From a Modest Beginning

Having covered logistics for more than four decades, Inbound Logistics has promoted and encouraged companies to adopt demand-driven logistics practices, and reported their progress driving the evolution of traffic management to supply chain management. The key development in that process was accepting a sea change in business management: Don’t plan and push your product at the market and see what sticks. Pull instead. Match your demand signals to supply and alter your processes to support that philosophical switch.

That change required new technology to manage effectively. Today, we are looking at technology that will soon be available to drive that evolution to the next level.

Look to the Sky

Here are some skyward trends that will empower demand-driven enterprises in 2021 and beyond:

  • Cloud hyperscalers, such as Oracle, SAP, AWS, Microsoft, Google, and others, will invest untold amounts and drive the evolution from software-as-a-service to platform-as-a-service to cloud-as-a-service. This will open up exciting opportunities for all industry sectors, including yours.

  • The COVID cultural change dynamic and the Zoom response has, to a large degree, mitigated the reluctance of companies to adopt and adapt cloud solutions. People are ready.
  • The maturation of industry-specific blockchain solutions will converge with the explosion of cloud infrastructure, lighting up economic activity across the planet.
  • As that investment gels, look for industry-specific cloud IaaS solutions as well as enhanced and advanced enterprise solutions, especially empowering supply chain management.
  • Demand-driven enterprise planning will morph or replace legacy enterprise resource planning as enterprises shift focus to the new capabilities to see and serve your demand points—no matter where they may be—in near real time. It’s about customer centric.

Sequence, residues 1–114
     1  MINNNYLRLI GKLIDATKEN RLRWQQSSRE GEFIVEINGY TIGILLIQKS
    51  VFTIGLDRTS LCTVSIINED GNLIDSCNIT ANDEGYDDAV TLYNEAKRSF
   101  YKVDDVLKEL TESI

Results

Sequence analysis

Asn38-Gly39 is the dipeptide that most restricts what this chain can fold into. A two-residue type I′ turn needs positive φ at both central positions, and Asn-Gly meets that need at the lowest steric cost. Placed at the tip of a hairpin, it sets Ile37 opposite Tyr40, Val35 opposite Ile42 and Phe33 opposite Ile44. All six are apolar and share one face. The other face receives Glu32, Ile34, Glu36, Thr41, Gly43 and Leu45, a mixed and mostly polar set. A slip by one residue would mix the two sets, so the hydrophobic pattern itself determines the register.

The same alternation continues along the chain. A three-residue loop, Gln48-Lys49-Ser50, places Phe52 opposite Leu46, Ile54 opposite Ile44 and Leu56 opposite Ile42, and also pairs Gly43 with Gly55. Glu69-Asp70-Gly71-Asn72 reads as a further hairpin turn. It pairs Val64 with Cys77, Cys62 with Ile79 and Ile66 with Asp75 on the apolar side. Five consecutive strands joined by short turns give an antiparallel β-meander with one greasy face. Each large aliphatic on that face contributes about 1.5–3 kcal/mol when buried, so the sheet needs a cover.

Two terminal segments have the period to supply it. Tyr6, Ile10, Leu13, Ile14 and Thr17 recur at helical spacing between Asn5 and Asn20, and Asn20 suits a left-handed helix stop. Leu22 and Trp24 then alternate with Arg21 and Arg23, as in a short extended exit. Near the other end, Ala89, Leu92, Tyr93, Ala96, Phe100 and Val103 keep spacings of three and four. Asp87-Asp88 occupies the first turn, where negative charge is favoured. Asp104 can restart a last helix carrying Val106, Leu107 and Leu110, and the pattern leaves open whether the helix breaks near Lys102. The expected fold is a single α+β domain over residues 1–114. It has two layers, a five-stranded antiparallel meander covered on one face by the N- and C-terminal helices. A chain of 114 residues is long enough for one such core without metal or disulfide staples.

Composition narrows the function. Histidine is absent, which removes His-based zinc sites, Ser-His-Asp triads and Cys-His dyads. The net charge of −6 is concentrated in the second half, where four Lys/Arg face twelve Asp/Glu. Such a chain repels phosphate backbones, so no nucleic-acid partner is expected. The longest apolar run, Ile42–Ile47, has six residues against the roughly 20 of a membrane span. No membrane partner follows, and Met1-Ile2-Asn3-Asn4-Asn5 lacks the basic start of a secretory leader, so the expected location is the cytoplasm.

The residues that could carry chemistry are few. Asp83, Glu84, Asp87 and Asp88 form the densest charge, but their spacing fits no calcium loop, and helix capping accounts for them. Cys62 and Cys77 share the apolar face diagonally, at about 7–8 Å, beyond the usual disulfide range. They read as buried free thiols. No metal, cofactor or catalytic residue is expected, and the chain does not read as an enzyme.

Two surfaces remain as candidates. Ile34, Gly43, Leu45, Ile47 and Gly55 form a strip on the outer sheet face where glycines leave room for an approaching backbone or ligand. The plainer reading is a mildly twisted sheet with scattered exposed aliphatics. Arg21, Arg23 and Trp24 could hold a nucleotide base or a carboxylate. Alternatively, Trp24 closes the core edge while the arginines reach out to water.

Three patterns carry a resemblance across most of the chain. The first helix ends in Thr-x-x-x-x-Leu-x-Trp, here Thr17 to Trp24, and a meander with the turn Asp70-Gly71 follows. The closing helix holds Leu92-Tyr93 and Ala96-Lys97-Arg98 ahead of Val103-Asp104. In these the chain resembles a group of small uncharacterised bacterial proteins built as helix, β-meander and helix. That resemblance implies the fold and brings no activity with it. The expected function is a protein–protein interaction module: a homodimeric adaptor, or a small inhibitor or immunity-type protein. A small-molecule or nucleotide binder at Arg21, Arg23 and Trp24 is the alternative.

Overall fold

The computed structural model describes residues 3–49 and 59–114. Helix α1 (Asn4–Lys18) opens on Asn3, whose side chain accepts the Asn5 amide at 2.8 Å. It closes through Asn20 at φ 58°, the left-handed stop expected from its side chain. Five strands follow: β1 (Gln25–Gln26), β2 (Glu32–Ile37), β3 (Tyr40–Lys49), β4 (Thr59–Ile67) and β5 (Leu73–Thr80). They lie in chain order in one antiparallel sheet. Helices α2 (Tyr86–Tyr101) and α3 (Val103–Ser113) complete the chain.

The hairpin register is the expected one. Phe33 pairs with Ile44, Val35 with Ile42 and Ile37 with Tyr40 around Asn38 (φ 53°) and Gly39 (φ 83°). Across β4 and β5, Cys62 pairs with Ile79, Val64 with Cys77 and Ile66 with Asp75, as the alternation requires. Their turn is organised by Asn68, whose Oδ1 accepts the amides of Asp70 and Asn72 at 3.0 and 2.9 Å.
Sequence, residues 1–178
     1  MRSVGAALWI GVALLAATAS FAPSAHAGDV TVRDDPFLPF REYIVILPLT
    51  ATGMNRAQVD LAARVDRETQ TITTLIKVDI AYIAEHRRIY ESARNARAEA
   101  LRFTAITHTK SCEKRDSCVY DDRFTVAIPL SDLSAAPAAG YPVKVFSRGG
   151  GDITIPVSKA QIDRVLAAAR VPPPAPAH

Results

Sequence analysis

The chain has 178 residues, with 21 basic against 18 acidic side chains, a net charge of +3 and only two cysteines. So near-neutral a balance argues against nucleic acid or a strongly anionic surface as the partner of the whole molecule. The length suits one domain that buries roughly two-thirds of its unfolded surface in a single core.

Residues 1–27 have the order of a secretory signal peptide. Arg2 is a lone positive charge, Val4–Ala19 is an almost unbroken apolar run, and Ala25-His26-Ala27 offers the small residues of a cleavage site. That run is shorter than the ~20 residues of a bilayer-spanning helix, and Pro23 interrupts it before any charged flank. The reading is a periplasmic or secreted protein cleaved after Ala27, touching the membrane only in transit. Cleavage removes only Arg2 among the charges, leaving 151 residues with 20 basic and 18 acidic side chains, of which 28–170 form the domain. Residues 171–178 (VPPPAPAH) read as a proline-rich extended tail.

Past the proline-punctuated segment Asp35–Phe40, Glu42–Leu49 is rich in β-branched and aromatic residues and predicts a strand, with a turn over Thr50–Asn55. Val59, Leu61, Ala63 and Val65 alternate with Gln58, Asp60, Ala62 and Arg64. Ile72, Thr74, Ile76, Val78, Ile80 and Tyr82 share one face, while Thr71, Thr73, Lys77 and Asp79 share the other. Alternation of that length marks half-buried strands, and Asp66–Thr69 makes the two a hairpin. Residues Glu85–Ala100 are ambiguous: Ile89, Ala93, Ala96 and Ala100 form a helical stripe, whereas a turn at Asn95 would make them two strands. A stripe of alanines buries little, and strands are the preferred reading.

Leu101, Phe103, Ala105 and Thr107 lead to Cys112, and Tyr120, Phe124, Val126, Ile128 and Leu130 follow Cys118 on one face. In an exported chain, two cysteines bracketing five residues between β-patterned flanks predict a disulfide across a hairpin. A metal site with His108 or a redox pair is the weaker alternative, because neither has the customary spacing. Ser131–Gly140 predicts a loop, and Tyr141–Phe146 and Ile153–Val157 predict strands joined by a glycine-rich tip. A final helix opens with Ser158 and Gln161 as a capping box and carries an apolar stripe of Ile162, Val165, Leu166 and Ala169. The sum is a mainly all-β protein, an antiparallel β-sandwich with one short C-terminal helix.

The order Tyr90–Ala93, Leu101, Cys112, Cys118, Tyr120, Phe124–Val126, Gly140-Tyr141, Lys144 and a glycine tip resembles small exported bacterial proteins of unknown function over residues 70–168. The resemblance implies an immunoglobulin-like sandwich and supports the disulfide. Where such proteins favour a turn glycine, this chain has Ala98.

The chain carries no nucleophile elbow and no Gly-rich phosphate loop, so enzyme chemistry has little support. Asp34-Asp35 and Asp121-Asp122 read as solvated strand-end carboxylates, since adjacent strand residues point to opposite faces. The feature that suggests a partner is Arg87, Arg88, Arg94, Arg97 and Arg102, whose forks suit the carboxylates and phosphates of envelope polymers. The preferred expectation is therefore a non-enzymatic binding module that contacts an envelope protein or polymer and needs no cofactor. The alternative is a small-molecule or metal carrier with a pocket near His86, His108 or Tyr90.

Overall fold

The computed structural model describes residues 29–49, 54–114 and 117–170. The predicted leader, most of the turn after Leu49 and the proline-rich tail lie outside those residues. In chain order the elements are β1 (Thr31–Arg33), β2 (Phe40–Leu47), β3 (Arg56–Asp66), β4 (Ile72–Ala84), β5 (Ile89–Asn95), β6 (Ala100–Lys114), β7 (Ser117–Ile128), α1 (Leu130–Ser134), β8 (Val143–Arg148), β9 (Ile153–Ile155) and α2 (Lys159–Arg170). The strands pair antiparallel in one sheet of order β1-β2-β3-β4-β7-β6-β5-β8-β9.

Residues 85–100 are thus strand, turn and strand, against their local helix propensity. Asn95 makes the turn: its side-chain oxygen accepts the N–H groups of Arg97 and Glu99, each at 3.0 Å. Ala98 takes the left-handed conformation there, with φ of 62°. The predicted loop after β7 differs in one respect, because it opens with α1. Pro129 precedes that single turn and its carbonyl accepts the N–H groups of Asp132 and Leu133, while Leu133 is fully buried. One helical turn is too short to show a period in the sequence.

• Cloud IaaS infrastructure will enhance the customer feedback loop as more bidirectional connections are formed, enriching relationships and, once again, spurring growth in new demand-driven connections.
  • Let’s not forget a different type of investment in cloud infrastructure: Elon Musk has also looked skyward and heavily invested in Above the Clouds Infrastructure called SpaceX. This global network of approximately 30,000 geosynchronous satellites seeks to provide enhanced GPS with location information measured in inches, and high-speed web tone to every corner of the globe.
  • These converging trends will spur development of artificial-intelligence-as-a-service (AIaaS), giving rise to new products brought to market faster and more efficiently. For example, by using digitally engineered manufacturing, automation, and adaptive production, the United States can manufacture an e-series next-generation fighter jet in just one year, something that usually takes decades. Having more AI in the cloud will give access to those that cannot afford hosted or local AI power.
  • All this investment, and more, will provide a live demand point pulse tracking back to vendors of choice and to their supply chain origination points. Think of it as the customer experience on steroids, where the ability to truly implement a customer-centric ethos provides a pull-along effect, impacting manufacturing, supply levels and relationships, workforce requirements, logistics options, marketing efforts, and more.
  • The beauty of these cloud IaaS-empowered systems is that new markets would open up, and legions of new consumers would truly benefit from efficiency and product availability due to cloud-enhanced, demand-driven practices.

When we started what was to become Inbound Logistics in 1981, the latest technology to manage inbound operations was using fax machines to distribute routing guides to vendors. Forty years later, we’ve advanced from that modest start to using technology in a pivotal year, empowering the demand-driven enterprise.

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